Curse of the Stone Hand (1965)

Alright, I know this isn’t a Mexican movie, it’s American, but it was a remix and reedit by Jerry Warren, who brought so many South of the Border movies to America. He shot new footage with John Carradine — who else? — and Katherine Victor to freshen up two twenty-year-old Chilean films, La Casa está Vacía (The House is Empty) and La Dama de la Muerte (The Lady of Death).

Seeing as how it’s two films, Warren decided to turn this into an anthology, if two stories can really be an anthology. The same house is supposed to be the setting for both stories, one in which a gambler finds a set of stone hands in the cursed house and uses them to play curses before joining a suicide club. This is La Dama de la Muerte (The Lady of Death), as that movie was an adaptation of Robert Louis Stevenson’s The Suicide Club. The second story has another owner’s son finding the hands — this is La Casa está Vacía (The House is Empty) — and using them to hypnotize his brother’s fiancee.

This is the closest that Warren would stay to his source material and therefore lacks the utter drug-induced insanity of his Mexican remake remixes. The dubbing is horrible, yet we can directly trace Godfrey Ho and the wildness that he dropped on us several decades later to the way that Warren could take any movie and chop it to pieces.

Warren once said, ” “I’d shoot one day on this stuff and throw it together. I was in the business to make money. I never ever tried in any way to compete or to make something worthwhile. I only did enough to get by, so they would buy it, so it would play, and so I’d get a few dollars. It’s not very fair to the public, I guess, but that was my attitude. You didn’t have to go all out and make a really good picture.”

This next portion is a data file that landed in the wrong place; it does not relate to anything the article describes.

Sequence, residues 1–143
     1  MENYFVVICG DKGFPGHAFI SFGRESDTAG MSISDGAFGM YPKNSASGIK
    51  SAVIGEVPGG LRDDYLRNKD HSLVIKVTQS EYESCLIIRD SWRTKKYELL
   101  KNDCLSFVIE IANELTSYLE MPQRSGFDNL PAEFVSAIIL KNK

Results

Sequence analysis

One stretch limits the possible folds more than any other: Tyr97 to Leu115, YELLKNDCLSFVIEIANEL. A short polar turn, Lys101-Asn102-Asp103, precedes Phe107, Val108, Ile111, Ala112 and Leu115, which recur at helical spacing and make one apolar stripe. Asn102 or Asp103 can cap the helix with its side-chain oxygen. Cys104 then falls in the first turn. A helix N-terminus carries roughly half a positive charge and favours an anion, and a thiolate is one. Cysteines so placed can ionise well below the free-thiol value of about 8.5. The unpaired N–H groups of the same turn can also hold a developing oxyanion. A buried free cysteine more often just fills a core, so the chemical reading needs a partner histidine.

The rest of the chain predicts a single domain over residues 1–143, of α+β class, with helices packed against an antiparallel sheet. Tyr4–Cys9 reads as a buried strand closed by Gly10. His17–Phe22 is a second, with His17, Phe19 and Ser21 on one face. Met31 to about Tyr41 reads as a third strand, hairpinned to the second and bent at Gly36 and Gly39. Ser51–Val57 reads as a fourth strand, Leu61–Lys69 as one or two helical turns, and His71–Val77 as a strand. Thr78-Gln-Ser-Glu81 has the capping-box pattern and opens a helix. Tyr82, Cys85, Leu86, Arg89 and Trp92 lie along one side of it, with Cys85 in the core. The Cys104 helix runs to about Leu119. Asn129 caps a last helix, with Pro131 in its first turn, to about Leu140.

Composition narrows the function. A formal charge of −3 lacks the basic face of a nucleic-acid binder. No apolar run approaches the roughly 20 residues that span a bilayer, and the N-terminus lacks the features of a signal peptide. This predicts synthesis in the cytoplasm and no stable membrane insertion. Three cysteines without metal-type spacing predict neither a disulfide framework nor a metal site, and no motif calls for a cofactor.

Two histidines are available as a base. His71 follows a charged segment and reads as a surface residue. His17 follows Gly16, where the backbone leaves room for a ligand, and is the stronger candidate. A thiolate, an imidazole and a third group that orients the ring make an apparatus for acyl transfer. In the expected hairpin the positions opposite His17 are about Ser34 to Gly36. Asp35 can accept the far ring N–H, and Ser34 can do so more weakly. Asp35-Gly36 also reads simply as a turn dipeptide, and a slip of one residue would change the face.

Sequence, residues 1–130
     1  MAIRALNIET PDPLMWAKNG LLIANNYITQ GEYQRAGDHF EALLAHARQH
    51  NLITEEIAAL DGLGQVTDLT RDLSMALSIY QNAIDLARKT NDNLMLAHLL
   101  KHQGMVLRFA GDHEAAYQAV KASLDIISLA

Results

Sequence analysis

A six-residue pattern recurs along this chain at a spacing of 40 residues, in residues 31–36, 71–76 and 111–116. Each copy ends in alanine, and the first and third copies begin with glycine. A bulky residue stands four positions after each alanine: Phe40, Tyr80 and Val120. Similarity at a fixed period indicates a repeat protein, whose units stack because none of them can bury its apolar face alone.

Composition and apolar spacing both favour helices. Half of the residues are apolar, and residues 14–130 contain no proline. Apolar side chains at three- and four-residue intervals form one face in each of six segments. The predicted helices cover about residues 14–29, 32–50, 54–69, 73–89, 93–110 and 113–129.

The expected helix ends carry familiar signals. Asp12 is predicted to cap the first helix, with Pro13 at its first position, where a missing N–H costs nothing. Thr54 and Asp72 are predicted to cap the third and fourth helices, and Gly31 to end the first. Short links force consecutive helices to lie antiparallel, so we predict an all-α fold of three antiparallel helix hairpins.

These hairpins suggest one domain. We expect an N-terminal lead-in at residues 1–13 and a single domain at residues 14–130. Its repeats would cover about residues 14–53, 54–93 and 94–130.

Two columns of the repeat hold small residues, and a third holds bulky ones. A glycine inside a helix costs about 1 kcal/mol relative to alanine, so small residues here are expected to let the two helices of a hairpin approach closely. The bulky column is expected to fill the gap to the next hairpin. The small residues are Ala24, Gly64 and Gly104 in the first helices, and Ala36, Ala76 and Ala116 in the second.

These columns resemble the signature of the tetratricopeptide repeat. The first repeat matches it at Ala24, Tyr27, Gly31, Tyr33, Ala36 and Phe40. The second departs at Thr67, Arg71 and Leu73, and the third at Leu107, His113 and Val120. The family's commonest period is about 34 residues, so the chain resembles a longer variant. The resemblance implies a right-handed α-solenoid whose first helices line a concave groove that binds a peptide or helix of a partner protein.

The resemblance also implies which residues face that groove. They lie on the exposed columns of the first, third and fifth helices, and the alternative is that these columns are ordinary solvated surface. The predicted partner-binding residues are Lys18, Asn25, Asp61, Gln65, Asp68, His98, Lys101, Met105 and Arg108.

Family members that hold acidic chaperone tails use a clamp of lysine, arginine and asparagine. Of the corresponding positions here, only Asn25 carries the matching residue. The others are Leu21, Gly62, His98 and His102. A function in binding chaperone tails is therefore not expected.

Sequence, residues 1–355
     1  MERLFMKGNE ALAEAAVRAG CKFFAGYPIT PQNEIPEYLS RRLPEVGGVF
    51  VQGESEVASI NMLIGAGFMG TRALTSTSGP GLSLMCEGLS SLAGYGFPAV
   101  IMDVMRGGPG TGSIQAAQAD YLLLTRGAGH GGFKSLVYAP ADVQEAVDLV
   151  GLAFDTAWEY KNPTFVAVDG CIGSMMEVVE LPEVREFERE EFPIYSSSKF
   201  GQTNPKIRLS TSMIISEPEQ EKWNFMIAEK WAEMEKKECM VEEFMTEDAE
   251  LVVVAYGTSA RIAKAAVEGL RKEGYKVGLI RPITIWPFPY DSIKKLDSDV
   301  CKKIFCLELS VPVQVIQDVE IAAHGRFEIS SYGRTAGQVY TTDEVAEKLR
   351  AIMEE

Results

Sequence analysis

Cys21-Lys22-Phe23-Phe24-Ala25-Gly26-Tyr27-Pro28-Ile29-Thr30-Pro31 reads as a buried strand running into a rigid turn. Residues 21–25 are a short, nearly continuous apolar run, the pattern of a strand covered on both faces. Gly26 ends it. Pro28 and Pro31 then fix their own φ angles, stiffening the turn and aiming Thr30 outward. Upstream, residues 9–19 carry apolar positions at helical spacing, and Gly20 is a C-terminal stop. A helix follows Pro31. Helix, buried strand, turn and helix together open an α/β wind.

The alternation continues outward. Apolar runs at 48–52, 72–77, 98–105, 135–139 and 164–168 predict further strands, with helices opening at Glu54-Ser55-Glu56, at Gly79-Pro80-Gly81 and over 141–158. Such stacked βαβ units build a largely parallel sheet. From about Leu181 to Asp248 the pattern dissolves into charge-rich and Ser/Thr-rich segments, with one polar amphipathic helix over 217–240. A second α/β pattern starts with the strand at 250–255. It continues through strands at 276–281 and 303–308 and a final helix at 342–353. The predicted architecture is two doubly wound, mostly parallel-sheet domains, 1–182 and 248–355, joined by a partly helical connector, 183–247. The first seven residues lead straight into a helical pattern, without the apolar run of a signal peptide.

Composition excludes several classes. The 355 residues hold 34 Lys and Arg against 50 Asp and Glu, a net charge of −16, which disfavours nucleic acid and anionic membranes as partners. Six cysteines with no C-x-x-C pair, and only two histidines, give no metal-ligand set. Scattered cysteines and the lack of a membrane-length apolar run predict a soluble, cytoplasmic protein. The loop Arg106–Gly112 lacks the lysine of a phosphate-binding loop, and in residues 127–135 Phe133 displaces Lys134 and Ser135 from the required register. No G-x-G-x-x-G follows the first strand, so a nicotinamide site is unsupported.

Know what you’re getting into before you watch this!

Warren’s American Distributors Productions, Inc. teamed this up with another of his mixtape wonders, Face of the Screaming Werewolf, which is Mexican and is also two movies in one — La Casa del Terror and La Momia Azteca.

One thought on “Curse of the Stone Hand (1965)

  1. I think the thing with old Jerry is that he didn’t want audiences to find out these films were in Spanish, so tried to retrofit his Mexican imports into the Doris Wishman mode of off camera dialogue only. So we get a lot of people about to talk, and then reacting to someone else talking, and then maybe once in awhile overhear something. To Warren, passing for American is way more important than plot. If you can’t handle subtitles or obvious dubbing (like a good 80% of American viewers) and aren’t really paying attention (because you’re falling asleep on the couch or making out in the backseat at the drive-in) it’s a classic, full of high Gothic atmosphere and nada mas. I keep it handy on my ‘movies to fall asleep to’ list though it can’t cold a handle to Face of the Screaming Werewolf


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